I could not warm up to North Carolina quarterback (QB) Sam Howell off his junior film (click here to read scouting report), and I can not warm up to him off of his senior film.
There is just nothing about this guy that excites me.
It absolutely baffles me when I hear national analysts say this guy reminds them of Drew Brees or Baker Mayfield.
I am not remotely seeing those comparisons on game film.
It is going to take a heck of a lot more than running quarterback draws for him to even begin sniffing success in the NFL.
The play I want to really highlight is at the end of the Virginia Tech game (9/3), when North Carolina was down 17-10. Howell was getting sacked, and he just threw the ball up for grabs and it got intercepted. This was a horrible decision.
#7 Sam Howell North Carolina 6’1″ 225 (5-7 round league grade)
40-yard-dash-time: 5.07 per espn.com (this is significant)
Daniel Kelly’s draft board: He is not on my board.
NFL comparable: Poor-man’s Sam Darnold or Zach Wilson
Good fit: Cardinals
2021 Film exposure: Virginia Tech, FSU and Wake Forest
Level of Competition: Moderate
Chief Concerns: Lack of downfield focus, lack of playing speed and lack of accurate ball placement at the intermediate and deep route levels
Character Concerns: None
Probability of being a bust: 80%
Athletic RPO-type (run pass option) quarterback who lacks energy, playing speed, rhythm, arm strength and accurate ball placement. Operates exclusively out of shot-gun. Initial set-up in the pocket looks good. Decent ball handling and play-action fake. Looks robotic and mechanical. Does not look like a natural quarterback. Shows he can go through his progressions. Pats the ball pre-delivery. Good short game. These are his best attributes. Lacks pocket poise. Gets spooked easily. Looks to bail out and run at the first signs of pressure. He is more focused on the pass rush and hearing footsteps, rather than maintaining a downfield focus. Compact delivery, but he has a late release. It consistently looks like he is releasing the ball late. The ball labors to get there. He does not throw a very receiver friendly football in terms of ball placement at the intermediate and deep route levels. Tended to under-throw deep balls in these three games. Every now and again suddenly throws a very nice looking pass, but that is the exception – – not the norm. Tough guy. Runs hard. Just lacks the necessary playing speed. Too slow. There is no way he will be able to earn a successful living running the football at the next level. He is not even running away from college defenses. He is not at all elusive either. Tends to take sacks. He is not a true RPO QB prospect from that standpoint, because he lacks the necessary speed to be effective in that kind of offensive system. He seems to keep the ball out of defenders hands for the most part. Very non-emotional and even-tempered. Shows zero emotion. Shows zero passion. Sluggish body language. He is a classic big fish in a small pond.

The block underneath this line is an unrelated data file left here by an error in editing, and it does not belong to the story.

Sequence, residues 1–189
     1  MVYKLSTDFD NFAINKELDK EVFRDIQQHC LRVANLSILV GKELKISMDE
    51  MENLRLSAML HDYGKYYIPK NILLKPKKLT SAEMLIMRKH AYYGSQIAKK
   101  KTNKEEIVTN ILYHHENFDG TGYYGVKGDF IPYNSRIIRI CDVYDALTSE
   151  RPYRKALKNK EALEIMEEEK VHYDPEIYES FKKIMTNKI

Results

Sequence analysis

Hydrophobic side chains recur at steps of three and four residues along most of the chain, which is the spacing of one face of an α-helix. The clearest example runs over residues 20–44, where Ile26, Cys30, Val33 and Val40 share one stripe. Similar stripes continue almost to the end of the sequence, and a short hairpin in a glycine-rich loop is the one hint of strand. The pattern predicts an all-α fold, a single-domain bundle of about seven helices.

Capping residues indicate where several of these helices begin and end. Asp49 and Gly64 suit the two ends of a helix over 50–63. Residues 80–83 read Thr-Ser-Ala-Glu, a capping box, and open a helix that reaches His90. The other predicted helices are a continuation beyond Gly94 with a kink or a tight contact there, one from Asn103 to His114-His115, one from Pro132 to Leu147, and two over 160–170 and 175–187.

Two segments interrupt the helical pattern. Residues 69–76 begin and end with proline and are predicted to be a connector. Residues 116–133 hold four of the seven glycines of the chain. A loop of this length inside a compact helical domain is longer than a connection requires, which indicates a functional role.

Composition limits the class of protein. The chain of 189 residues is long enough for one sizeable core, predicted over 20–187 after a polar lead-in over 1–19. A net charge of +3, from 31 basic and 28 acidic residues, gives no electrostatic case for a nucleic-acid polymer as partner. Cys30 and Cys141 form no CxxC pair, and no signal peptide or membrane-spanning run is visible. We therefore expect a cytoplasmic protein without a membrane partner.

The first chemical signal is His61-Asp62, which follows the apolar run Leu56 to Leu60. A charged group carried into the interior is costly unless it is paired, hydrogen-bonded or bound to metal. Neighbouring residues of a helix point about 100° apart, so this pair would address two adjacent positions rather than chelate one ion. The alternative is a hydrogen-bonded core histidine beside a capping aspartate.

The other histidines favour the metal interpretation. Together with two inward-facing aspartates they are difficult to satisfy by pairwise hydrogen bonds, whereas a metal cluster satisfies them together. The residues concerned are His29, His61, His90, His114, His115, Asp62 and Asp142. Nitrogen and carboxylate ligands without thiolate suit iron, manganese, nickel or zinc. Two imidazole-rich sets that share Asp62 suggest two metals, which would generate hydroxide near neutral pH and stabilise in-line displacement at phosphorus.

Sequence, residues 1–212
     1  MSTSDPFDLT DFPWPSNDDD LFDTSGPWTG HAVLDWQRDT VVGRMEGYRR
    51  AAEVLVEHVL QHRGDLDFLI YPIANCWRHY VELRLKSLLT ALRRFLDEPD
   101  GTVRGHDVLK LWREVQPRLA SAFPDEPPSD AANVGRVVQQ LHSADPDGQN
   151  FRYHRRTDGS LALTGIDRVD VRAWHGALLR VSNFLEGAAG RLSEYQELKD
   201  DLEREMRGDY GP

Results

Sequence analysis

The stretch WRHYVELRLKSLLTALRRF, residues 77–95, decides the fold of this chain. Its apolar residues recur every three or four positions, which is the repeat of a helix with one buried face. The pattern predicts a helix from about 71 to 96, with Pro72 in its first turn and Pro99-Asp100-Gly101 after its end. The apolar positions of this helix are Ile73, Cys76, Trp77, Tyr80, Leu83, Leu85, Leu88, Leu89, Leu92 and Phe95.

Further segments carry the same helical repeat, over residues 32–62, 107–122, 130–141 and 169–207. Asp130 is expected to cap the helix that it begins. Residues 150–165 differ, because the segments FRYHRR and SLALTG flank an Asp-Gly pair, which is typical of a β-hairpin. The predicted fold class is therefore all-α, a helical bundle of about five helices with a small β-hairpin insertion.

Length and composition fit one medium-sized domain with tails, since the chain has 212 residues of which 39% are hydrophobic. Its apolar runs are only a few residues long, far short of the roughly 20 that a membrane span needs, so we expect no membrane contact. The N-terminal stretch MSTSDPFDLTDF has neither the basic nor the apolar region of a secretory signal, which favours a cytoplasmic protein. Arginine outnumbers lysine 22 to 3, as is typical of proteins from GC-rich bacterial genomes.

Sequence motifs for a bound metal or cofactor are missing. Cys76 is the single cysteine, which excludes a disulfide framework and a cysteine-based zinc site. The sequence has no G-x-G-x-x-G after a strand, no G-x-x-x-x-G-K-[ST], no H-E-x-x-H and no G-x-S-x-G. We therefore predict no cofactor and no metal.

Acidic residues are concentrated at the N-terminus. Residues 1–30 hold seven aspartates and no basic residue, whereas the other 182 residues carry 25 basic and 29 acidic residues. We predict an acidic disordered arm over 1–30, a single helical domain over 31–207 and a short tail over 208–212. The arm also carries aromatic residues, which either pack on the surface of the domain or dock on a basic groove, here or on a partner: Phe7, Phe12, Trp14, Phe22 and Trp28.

This is the classic work-out warrior quarterback, who will wow everyone at his pro-days and get grossly over-valued as a result. Howell will get everyone in the building fired if he has to start for an extended period of time.
Howell has zero dominant traits.
Howell’s energy level reminds me of QB Mitch Trubisky.
Howell is a solid college quarterback, who lacks the necessary skill set to succeed at the next level – – and this statement will age like an expensive bottle of fine wine.
If Howell goes to a team with a losing record with offensive line deficiencies, it is going to be ugly. High injury risk in that scenario.
Also, I am throwing the excuse out the window that he has lost talent around him this season. Howell looked pretty much identical last year in his junior film. This is who and what he is.
I do not know much stronger I can get about this one. Sam Howell does not have what it takes to be successful in the NFL.
There is absolutely nothing that excites me about this guy. There is absolutely nothing about him that resonates with me. There is also nothing about him that says he will succeed in the NFL when I compare him in my mind, to the 40-years worth of quarterbacks I have seen play the game.
Daniel Kelly is a former NFL scout with the New York Jets. He was hired on the regime which featured Bill Parcells, Bill Belichick, Scott Pioli, Mike Tannenbaum, and Dick Haley. He currently writes for Sports Illustrated Detroit Lions, Sports Illustrated New York Jets and he is a contributing evaluator for Draft Diamonds. For more information about him visit his website at whateverittakesbook.com. He can be followed on Twitter @danielkellybook and his Facebook page is WHATEVER IT TAKES NFL TALK.